OK, so I'm just as excited about breaking through as @The Engineer and since he has shared so much useful information here, maybe a recounting of my own humble journey could be of use to someone else who loves the bumps but hasn't gotten them dialed in yet.
Like I mentioned above, I began actively seeking out bump runs about 5 years ago. I just find them endlessly fascinating: you can ski the same named run all day long and never ski it exactly the same twice. Groomers just don't hold much interest for me anymore. I had found Lito Tejada-Flores' book and video series very useful in my early days, and have always been a ski school devotee. Taking Lito's bump video and ski school lessons as my template, I endeavored to ski bumps with nice round turns. I progressed to steeper slopes and bigger bumps with a cobbled together technique that I thought worked. Still, in retrospect, I was skiing bumps one bump at a time. There was no flow. In fact, I can best describe my runs as a series of linked recoveries as my skis got launched out of each trough with me along for the ride.
Two years ago I was at Winter Park during a week that coincided with Bob's Bump Jamboree (the one day clinic). Bob was not there, but Greg, my teacher was very capable and it was a great experience. Last year I was there again for the one day clinic, and that time I got Bob. He stressed over and over that basically none of us had our weight forward enough. He asked us "How many times today has your weight been too far back? OK, now: how many times today has your weight been too far forward?" Rhetorical, of course, but instructive. We did some balance drills, including flat 360 spins. Being able to do those drills gave me the false sense that I had it dialed. Wrong. Maybe on a smooth surface. But, again in retrospect, definitely not in the 3D environment of a bump run. A couple of days later I was standing on a bump sucking wind about 2/3 of the way down Outhouse when a woman glided past me linking effortless turns, going as slowly as she wished. Swish, swish, swish. She continued down, hit Mary Jane, and skied out of sight. Same run. Same bumps. She didn't look particularly athletic. And if she was younger than me, it wasn't by much. WTF?? I definitely wasn't yet with the program.
So, this year I scheduled my ski trips to coincide with one of the Bob's Bump Camp sessions (the three day experience). I again got Bob for the first day, then for the second and third days, I had Tom. (Yes, I got demoted to the remedial group) (BTW, Tom's great). During the second day's apres session, we had seen the videos of the day and, over the second or third round of drinks, the crowd had dwindled down to about 10. Bob was holding court and telling stories when out of the blue, he said out loud "You know, there are some people who come to these camps repeatedly, and never change". He might not have been talking about me, but he definitely SPOKE TO ME. I realized that, despite taking to heart several pointers like doing dolphin/backward bicycle pedal movements, Bob's "rub and release" move, hands up, feet together (well, almost), the day's video showed that my basic technique had stayed pretty much the same. What was I missing??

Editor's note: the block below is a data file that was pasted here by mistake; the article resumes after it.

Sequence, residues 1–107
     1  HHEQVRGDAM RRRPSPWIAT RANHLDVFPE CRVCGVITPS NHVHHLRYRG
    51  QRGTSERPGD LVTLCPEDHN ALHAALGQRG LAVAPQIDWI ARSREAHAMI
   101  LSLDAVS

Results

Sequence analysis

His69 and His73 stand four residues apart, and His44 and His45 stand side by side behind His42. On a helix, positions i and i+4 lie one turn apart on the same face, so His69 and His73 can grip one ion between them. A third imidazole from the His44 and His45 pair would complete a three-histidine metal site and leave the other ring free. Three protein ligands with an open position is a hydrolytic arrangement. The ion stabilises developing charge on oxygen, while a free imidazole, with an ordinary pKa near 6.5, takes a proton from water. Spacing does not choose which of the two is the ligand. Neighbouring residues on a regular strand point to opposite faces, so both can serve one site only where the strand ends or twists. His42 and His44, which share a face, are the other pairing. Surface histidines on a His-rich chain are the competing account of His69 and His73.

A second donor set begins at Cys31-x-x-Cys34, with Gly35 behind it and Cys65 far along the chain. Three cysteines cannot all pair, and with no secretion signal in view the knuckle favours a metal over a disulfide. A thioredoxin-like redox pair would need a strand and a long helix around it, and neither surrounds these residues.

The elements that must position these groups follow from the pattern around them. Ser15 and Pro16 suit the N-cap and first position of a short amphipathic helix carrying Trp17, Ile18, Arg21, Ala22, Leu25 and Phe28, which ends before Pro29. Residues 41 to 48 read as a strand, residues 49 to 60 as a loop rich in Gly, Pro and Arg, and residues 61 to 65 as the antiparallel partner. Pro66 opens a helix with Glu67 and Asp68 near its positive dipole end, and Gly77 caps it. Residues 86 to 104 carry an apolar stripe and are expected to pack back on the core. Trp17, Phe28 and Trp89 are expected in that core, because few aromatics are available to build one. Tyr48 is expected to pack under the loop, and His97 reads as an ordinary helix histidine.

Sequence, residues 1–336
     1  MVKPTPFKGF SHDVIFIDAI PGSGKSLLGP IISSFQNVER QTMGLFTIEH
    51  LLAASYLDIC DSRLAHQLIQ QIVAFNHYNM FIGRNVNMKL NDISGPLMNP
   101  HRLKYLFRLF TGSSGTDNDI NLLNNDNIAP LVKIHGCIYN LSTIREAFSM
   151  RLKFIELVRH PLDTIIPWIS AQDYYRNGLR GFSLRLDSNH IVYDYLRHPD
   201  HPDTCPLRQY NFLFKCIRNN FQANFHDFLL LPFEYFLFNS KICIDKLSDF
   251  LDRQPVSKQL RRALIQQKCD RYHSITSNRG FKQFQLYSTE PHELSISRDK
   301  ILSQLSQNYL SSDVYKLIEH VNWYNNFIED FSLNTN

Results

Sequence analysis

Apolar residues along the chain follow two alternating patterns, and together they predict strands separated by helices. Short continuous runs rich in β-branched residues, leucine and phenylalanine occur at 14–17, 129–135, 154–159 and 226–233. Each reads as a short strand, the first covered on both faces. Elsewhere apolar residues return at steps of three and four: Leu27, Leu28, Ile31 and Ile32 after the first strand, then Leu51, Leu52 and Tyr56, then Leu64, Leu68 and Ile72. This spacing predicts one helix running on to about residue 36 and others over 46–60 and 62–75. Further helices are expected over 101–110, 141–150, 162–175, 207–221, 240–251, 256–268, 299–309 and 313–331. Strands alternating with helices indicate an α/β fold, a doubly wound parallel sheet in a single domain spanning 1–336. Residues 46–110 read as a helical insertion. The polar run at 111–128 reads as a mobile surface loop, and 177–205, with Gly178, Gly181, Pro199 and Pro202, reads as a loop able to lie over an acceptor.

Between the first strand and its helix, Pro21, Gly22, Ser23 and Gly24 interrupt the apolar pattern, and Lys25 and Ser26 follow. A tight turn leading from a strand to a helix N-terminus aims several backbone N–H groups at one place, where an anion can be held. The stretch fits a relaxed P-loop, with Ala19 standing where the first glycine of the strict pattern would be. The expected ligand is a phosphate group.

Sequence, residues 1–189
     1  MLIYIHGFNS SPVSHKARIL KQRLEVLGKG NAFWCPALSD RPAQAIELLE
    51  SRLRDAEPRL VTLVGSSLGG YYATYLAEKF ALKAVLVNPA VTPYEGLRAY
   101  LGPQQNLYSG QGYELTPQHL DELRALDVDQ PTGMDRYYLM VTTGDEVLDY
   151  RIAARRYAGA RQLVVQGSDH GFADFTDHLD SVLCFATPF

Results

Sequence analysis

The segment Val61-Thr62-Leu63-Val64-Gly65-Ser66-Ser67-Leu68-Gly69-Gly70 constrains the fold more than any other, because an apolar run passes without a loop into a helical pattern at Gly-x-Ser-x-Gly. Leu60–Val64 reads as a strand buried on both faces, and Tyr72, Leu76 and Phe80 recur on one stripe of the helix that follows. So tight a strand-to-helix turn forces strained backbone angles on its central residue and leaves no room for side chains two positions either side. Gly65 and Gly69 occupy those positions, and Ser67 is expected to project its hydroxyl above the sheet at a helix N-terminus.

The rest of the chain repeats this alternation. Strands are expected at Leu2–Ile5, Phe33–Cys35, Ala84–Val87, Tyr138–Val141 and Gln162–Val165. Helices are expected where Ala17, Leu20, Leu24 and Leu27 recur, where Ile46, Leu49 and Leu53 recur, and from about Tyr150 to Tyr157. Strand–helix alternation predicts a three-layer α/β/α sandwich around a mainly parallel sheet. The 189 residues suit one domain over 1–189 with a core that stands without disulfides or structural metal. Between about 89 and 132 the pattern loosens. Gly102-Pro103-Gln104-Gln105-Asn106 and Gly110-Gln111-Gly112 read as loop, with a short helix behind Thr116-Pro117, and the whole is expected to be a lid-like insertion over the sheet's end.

Unfortunately, I had to leave the morning after camp ended. Then, about three weeks later, the first week of March, I was skiing under the Thanes chair in Park City, I experimented with REALLY driving my shins into the boot tongues. Something about the pitch, the bumps and the snow texture all came together to allow me to drive my weight more forward than I had ever tried in big bumps before. BINGO! I distinctly remember the sensation as being a lot like pressing on the brake pedal in a car. I felt like I had complete control of my speed. It wasn't an instant transformation: old habits die hard. But, I was starting to get it in about 30% of my turns. Then 40%. Then more. I had discovered the holy grail. Not like it's not all in Dan's book, which had I read for the fourth time on the airplane home. Not like I hadn't been told what to do repeatedly. Duh.
So then, the following week I was back at Winter Park and I could take the adventure back to familiar territory. After fits and starts, I found that I could do it in the Mary Jane bumps as well. Then, the second to the last day of the week (and my season), I had an epiphany: I COULD SEE THE ZIPPER LINE. I'd never seen it before. I'd never understood what it was. But now, all of a sudden, it became clear that the zipper line is the only reasonable choice. As long as speed is under control.
So, that's it. I'm really bummed that this all came together just in time for my season to be over, but I am reasonably confident that I will not lose it over the summer. I'm not there yet. Not by a long shot. The possibility of my weight falling back and getting launched looms ever large. But, after all these years I can finally see the way forward. Then, maybe at about age 80, like @SkiMangoJazz is shooting for, I'll be able to say "I don't ski the bumps anymore".